At the same time I’m relishing the local cheeses, jams etc I can’t help wondering why there’s no local source for a food I eat everyday, and a lot of you do too. I’m talking about YOGURT. It’s easy to make (we used to make it in our dorm room at Davis) and when In later years I had occasion to visit the Continental Culture Company in Altadena, I found that their operation wasn’t much more complicated. They had one building that was hot and humid, where the culturing took place, and another that was refrigerated for storage purposes. Later they became a huge company and I used to see their products all over Southern California, in health food stores. Now, they’re out of business, mourned by their fans a having been the only lactose-free yogurt available. I didn’t know there was such a thing.
I used to buy the 39c Lucerne yogurt, oblivious to its mushy texture and lack of flavor but then, like a lot of you, I discovered Chobani and got hooked on its heft and chalkiness. Chobani retails locally at Winco for about a buck and at Murphy’s for $1.50 or so. So my 39c investment has become at least a dollar. Chobani was in the news this morning for contamination problems in its Idaho plant. Their growth has been spectacular. The Economist has a very interesting account in its August 31st issue of how Hamdi Ulukaya, a son of Kurdish immigrants in Turkey, bought an 85-year-old yogurt factory in upstate New York in 2005. This year he will sell more than $1B , a healthy chunk of America’s $6.3B market. The company is changing; Mr Ulukaya is hiring a COO and a new ad agency.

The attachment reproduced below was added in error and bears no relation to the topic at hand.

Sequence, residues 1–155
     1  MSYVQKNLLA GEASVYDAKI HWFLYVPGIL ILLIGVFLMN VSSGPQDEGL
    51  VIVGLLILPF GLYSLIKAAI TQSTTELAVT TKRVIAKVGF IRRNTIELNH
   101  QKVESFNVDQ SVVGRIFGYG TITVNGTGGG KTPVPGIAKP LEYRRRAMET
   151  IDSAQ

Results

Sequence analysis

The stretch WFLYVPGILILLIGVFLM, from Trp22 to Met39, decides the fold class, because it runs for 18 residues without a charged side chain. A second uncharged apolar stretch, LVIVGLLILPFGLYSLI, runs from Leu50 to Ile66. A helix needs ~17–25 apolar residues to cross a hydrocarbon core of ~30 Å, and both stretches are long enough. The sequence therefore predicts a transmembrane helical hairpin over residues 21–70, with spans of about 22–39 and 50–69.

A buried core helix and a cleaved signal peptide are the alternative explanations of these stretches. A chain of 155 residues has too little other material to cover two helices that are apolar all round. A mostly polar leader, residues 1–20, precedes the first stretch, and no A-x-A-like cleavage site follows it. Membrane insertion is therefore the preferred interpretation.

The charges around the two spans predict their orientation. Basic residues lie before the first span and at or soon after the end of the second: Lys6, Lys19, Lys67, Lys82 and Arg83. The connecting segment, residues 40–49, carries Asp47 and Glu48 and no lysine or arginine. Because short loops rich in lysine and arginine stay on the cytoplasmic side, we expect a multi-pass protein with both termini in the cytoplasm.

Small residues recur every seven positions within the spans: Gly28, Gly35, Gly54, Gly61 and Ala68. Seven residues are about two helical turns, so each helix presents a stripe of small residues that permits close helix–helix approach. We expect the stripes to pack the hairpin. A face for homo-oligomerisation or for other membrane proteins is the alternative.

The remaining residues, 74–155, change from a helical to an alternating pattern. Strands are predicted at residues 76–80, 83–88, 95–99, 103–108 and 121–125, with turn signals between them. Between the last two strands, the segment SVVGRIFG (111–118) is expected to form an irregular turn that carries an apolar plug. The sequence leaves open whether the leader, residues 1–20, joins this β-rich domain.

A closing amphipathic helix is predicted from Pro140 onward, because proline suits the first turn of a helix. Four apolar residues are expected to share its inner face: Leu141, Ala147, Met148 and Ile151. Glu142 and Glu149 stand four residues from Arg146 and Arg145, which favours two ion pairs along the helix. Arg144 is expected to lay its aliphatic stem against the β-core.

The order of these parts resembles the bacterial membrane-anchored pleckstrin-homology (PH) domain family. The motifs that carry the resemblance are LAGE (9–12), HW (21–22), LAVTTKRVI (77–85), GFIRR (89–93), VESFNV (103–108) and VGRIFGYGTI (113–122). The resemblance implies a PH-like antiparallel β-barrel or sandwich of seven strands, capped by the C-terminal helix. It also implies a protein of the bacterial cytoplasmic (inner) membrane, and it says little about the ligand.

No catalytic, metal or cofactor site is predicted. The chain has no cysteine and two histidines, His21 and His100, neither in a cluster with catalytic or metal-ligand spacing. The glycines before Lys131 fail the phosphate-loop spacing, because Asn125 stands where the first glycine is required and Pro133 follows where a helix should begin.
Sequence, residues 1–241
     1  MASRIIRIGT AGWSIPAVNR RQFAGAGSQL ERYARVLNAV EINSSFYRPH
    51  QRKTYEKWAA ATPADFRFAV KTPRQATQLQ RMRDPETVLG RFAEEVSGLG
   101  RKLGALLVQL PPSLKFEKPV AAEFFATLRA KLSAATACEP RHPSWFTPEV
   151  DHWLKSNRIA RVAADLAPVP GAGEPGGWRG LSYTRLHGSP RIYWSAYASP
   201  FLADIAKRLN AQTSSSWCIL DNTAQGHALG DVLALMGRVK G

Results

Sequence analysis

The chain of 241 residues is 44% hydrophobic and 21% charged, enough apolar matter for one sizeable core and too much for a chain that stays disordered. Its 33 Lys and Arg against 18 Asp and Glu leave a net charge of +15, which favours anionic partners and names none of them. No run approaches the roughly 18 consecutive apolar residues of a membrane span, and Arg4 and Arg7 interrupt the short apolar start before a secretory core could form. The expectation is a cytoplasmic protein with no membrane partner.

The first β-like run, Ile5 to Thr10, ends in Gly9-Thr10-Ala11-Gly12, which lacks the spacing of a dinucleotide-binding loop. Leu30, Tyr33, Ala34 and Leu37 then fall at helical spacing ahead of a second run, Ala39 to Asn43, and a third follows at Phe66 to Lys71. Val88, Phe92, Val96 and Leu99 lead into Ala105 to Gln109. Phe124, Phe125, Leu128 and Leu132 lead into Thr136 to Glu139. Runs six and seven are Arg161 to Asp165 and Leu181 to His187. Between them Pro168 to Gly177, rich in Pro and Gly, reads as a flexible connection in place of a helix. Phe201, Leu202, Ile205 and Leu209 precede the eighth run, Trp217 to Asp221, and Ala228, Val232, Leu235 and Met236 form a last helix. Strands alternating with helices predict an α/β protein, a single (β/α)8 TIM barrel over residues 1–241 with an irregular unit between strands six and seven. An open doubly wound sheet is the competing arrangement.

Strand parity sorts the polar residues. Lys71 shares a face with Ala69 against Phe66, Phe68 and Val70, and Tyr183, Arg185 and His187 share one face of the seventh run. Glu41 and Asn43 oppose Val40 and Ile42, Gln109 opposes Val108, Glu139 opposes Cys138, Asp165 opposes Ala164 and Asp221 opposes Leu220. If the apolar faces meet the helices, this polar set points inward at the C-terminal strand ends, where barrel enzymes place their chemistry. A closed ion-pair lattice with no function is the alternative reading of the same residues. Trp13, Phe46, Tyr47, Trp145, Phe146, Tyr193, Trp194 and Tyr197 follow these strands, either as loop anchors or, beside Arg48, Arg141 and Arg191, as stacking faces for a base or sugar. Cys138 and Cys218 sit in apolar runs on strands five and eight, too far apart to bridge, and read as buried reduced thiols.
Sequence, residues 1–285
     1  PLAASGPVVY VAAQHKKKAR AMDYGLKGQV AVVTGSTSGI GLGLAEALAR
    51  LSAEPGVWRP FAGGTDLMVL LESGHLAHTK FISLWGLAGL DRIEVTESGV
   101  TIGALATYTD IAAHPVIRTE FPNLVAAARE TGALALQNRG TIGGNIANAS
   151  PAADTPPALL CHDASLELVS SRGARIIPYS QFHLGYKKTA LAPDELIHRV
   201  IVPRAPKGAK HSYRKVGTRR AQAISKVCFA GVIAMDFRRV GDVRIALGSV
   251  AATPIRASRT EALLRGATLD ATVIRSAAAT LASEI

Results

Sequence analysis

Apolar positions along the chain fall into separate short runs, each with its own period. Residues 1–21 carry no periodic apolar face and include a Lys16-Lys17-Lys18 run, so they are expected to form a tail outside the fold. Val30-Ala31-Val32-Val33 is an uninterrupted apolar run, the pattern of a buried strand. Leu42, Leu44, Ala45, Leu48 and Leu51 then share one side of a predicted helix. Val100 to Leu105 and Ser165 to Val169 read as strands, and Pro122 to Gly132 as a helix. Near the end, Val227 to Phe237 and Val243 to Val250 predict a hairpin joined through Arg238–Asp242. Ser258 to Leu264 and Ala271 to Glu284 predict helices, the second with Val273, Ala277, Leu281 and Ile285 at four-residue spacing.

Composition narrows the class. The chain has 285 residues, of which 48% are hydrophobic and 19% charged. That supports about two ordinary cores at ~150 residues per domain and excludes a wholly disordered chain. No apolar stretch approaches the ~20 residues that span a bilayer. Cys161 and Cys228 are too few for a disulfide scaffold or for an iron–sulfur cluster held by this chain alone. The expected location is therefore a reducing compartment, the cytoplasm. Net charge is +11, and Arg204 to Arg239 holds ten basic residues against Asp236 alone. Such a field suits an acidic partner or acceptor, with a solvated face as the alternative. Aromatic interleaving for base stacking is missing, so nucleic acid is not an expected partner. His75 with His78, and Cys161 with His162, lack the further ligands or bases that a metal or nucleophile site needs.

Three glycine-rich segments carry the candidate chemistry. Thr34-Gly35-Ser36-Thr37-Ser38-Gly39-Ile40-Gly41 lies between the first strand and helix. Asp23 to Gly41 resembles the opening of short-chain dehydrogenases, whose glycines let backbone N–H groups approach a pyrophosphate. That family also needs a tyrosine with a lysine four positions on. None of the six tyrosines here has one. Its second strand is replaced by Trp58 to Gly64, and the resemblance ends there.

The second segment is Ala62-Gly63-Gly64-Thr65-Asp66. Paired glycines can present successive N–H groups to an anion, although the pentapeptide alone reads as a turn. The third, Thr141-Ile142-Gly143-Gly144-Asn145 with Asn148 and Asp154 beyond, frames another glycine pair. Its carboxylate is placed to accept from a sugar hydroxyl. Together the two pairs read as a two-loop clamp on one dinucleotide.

So what’s the difference between “Greek” yogurt and any other? Greek yogurt is strained to remove the whey, the watery liquid that separates out during the process, leaving more protein than in the supermarket stuff, in fact about twice as much. No, I don’t own stock in the company. Mr. Ulukaya retains sole ownership.
So what is stopping some Redwood Coast entrepreneur from entering this market? We have the dairy infrastructure, the marketing image of green fields and free-roaming herds and a population that would probably support a local yogurt if one were available. It seems like a natural. You could have “Redwood Raspberry” or “Humboldt Honeycomb”. If someone finds a way to make our major ag product palatable to the taste buds, you could get into “Weedwacker” or “Green Giant” although I guess that’s copyrighted . Anyway, the possibilities are endless. And you don’t even have to pay me a consultant’s fee. Just gimme some good yogurt.